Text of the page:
Pledges, rallies, now a mock funeral to prevent youth violence

A hearse arrives at Bessemer City High School during a mock funeral on Tuesday. (

Nothing seems off limits when it comes to preventing youth violence. Tuesday, a casket was taken into Bessemer City High School. It was meant to wake up students and scare them away from crime.

Students certainly responded to the mock funeral, but leaders believe parents have to be involved.

Bessemer police lead the funeral procession from Chambers Funeral Home to Bessemer City High School. Students met the hearse at the school's entrance to carry the casket into the auditorium.{}This casket was empty.

"Life is too short. People getting killed over nothing," said Joshua Steele, a Bessemer City High School senior, of youth violence.

For some, the mock funeral scene was painfully familiar.

"I{}lost my cousin to it. He was an innocent bystander," said Steele.

"My cousin was killed at Getties Boyz [Club]{}in Bessemer two years ago," said Steele's classmate, Travis Head.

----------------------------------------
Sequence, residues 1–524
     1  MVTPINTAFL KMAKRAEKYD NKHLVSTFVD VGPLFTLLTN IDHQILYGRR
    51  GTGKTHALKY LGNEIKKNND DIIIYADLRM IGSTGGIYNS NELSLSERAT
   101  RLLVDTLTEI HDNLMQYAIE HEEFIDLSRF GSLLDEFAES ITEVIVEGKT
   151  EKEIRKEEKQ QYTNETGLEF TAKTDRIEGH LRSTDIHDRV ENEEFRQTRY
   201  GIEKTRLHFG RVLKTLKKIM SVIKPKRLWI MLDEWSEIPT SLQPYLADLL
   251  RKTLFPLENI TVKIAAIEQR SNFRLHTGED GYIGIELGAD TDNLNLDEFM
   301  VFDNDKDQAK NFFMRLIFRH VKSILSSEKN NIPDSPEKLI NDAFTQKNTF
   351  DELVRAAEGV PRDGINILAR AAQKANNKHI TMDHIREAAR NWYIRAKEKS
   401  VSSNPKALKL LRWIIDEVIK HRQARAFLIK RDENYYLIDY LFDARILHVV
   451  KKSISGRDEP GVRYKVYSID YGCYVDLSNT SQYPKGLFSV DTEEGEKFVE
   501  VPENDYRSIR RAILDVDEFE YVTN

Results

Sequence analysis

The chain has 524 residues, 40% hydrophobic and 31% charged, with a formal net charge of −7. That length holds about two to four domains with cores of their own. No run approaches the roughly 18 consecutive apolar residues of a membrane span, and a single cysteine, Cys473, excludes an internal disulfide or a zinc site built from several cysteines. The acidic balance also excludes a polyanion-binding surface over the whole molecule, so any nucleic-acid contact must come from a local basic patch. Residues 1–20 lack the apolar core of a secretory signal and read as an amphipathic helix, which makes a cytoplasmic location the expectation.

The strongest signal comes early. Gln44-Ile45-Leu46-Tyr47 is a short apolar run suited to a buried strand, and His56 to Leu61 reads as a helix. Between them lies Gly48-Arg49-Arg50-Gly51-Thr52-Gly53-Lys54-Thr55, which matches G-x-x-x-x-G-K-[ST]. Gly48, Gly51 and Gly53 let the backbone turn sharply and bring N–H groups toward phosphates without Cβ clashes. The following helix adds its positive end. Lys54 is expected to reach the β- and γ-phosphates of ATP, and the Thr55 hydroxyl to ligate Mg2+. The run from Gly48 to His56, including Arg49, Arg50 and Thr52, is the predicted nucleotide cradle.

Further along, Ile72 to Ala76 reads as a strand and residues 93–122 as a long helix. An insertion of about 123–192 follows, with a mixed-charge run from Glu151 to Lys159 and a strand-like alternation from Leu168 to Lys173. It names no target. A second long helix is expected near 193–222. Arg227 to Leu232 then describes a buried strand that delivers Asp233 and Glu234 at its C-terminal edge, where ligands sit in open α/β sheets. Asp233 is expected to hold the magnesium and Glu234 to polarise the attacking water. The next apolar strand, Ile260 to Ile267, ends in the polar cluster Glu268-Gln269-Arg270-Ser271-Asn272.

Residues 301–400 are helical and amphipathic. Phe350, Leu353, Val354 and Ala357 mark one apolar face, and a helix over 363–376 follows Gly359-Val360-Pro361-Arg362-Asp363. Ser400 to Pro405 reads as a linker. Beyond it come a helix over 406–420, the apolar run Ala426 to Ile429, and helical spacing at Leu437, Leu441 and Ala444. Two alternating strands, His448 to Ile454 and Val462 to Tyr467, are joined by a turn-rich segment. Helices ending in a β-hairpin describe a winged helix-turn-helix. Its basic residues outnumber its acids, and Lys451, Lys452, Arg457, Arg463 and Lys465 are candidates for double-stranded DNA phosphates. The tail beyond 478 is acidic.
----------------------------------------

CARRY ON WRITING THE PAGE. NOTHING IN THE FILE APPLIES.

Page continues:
Donald Shepard was behind the mock funeral.

"I{}served 15 years in prison. The last two years in prison,{}I decided{}I could use my life and my experiences to detour them and{}keep them on track from going to prison," said Shepherd.

A vigil earlier this month honored the 75 people killed in the Birmingham area in 2012. Many{}of them were{}under 20 years old. One was{}just 13.

Dewayne Thompson of the Birmingham Police Department says parents also need to get involved- even monitor texts and calls.

"I{}think the children become a little more careful of what they say, what they do, where they go because they are mindful someone is watching, someone is going to try to keep them from making bad decisions," said{}Thompson.{}

At Bessemer High School, some students are already thinking a little more about their parents and their actions.

"You{}don't want to make your parents sad. You don't want to get buried by your parents," said Steele.

There's a youth summit{}at Huffman High School Tuesday night from six until nine. It's open to parents and children from kindergarten through high school. Discussions include drugs, gangs, bullying, and life after school.

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